Simply put, engagement is the ability to hold a user’s attention. In SEO terms, it is a measure of the amount of time spent on a page. Although Google hasn’t officially declared it, there is evidence to suggest that this search engine giant does reward sites with strong user engagement with higher page ranking. Offsite references, reviews, and social links play a role in how your content performs on search engines. Inbound links to your site are still important, and so is a logical sitemap with internal linking among pages. Another quick and easy strategy for hunting down long tail keywords again starts by searching one of your regular short, generic keywords. At the end of the search results page should be a list of related searches. These again can be used as long tail keywords themselves or used as suggestions for finding others. Another valuable way to improve your domain authority is by getting other people to link to your website and your content. That takes time, some strategic networking, and a little ingenuity.

Passing PageRank

The Google-led open source project AMP, or Accelerated Mobile Pages, has one goal: loading your pages as fast as possible Google uses your meta data to interpret what your website is about and ranks the pages accordingly. While it is important to have your keywords within the meta data, it can be overdone and hinder the user experience, actually deterring people away from a page rather than enticing. This happens when your meta title and description is written for Google’s search bots rather than as a description for real people. SEO can be difficult to understand and due to its ever changing nature, it can feel like a chore to keep up. The number and quality of links pointing to your site will largely determine in what position your site ranks.

It’s time to revolutionize our approach to keyword generation

The easiest way to build high quality links are what SEOs call “web 2.0s.” That’s just a way to say “social sites” or sites that let you post stuff. Now tweeting a link into the abyss won’t do you anything, but profiles, status pages, etc. do carry some weight. And if they come from a popular domain that counts as a link. SEO has matured. It is a serious business, and most brands invest a lot of time and effort into it. Today, semantic search has evolved even more, and search engines are better than ever at understanding query context and the relationships between words. Mobile sites not only use a different format from normal desktop sites, but the management methods and expertise required are also quite different. This results in a variety of new challenges. While many mobile sites were designed with mobile viewing in mind, they weren’t designed to be search friendly.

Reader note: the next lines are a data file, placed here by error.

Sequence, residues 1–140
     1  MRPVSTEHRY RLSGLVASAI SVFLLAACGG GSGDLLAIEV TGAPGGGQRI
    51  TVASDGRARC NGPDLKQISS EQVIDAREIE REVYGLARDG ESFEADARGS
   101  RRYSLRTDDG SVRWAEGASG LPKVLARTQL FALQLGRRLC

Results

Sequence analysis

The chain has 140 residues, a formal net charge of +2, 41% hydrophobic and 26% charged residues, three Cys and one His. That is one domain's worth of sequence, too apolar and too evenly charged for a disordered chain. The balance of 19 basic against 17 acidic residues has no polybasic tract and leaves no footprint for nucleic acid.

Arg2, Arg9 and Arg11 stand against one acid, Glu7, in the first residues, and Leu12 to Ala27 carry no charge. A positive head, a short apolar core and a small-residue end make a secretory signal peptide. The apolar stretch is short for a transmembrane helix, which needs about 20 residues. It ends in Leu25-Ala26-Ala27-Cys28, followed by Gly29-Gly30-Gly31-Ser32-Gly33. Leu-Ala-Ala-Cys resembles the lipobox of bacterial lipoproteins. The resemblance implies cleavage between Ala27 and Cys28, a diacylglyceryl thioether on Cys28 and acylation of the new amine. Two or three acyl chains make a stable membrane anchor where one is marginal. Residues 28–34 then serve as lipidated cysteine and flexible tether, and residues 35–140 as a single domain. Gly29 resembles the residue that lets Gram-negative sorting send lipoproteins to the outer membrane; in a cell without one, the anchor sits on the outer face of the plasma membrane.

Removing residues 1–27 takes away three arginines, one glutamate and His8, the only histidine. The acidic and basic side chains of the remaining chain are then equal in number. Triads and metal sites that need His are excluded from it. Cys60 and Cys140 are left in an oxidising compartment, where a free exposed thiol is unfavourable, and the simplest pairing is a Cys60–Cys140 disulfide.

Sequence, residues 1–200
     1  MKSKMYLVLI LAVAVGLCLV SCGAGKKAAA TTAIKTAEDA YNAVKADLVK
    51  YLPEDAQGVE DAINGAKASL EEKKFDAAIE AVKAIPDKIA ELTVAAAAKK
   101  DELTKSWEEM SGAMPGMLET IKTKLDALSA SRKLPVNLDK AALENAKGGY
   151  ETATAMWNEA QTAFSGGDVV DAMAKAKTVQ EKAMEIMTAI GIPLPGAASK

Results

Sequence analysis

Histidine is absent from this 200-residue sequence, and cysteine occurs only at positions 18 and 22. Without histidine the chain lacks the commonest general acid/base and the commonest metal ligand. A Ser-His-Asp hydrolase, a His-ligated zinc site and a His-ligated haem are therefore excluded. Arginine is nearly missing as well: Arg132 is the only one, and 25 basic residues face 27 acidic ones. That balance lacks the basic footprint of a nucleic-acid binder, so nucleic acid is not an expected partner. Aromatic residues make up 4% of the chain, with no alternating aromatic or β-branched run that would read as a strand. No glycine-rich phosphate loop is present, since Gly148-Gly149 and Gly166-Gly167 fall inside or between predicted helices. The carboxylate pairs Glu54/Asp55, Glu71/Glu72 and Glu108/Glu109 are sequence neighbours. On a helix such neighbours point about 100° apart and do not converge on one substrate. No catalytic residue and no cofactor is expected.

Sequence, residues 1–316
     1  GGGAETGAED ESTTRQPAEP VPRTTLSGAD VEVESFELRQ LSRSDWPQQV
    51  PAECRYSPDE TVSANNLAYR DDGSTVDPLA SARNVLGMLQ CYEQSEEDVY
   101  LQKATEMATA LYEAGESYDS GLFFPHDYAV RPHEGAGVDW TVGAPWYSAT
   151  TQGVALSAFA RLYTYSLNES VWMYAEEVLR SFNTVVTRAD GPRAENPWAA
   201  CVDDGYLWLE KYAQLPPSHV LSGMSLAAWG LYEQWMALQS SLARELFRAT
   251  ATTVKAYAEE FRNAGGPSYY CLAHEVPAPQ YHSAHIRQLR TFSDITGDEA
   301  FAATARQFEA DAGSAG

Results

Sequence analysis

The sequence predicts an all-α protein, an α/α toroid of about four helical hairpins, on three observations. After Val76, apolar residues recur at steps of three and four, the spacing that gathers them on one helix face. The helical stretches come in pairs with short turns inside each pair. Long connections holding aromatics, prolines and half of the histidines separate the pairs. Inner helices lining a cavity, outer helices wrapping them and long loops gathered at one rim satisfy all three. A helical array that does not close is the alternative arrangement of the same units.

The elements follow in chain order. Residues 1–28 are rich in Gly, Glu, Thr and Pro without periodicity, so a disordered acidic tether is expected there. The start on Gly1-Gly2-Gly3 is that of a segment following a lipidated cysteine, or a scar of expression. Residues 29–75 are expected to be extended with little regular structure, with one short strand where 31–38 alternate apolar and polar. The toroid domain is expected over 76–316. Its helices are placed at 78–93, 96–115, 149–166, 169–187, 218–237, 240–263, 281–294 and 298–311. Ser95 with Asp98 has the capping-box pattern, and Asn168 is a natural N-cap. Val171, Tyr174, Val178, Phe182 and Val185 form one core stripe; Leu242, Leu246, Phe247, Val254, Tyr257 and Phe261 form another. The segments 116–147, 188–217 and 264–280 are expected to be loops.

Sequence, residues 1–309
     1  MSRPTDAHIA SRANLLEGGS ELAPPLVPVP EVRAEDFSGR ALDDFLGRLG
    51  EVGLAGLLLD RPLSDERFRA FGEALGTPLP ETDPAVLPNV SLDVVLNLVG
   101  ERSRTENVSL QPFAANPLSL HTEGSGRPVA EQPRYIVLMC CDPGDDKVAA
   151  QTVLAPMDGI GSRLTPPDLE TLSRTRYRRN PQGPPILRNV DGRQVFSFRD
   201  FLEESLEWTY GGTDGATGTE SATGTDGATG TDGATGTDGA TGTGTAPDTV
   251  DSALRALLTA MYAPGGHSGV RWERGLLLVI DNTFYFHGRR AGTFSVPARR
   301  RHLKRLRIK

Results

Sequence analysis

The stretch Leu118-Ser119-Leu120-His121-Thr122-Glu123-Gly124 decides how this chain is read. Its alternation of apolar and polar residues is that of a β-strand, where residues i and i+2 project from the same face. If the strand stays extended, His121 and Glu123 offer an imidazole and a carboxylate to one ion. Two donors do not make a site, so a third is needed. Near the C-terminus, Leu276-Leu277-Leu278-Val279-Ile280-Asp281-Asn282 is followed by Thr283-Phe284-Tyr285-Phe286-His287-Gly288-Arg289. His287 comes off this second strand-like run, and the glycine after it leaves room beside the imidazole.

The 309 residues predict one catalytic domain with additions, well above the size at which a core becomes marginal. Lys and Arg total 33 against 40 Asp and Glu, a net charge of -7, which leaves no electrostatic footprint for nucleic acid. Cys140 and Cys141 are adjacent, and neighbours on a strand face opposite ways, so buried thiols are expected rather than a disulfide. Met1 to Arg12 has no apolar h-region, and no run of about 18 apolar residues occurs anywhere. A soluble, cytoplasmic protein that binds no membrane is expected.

Paid links have got smacked down even more by Google

Don’t let ego fuel your obsession with keyword rankings. And remember that your personal search experience is not necessarily what your prospective customers see. If your site is new and is in a competitive niche with high DR scores, then your initial plan should be to build links directly to pages you want to rank. Do you have enough pages around a specific topic area that it would make sense to create a page describing these related pages (e.g. root page -> related topic listing -> specific topic)? Do you have hundreds of different products that need to be classified under multiple category and subcategory pages? We asked an SEO Specialist, Gaz Hall, for his thoughts on the matter: "A headline is usually the first thing we notice when accessing a search engine, and this reminds us that a headline should be: valuable, relevant, simple and appealing."

Understanding Your Audience and Finding Your Niche

You may not have the resources to create locale sites for each country or language you want to target. In that case, add Google Translate to your site to ensure that your website visitors can see your content in their language (even if it’s not a perfect translation). Limit each paragraph to 2-3 sentences at most. It’s even okay to use one-sentence paragraphs if necessary, but use them sparingly or your post will look like a bullet-pointed blog without the bullets. The reason that most SEOs don’t know technical SEO is because they don’t spend enough time meeting and talking to web developers. SEO is very simple, and unless you’re a very large company it’s probably not worth hiring somebody else to do.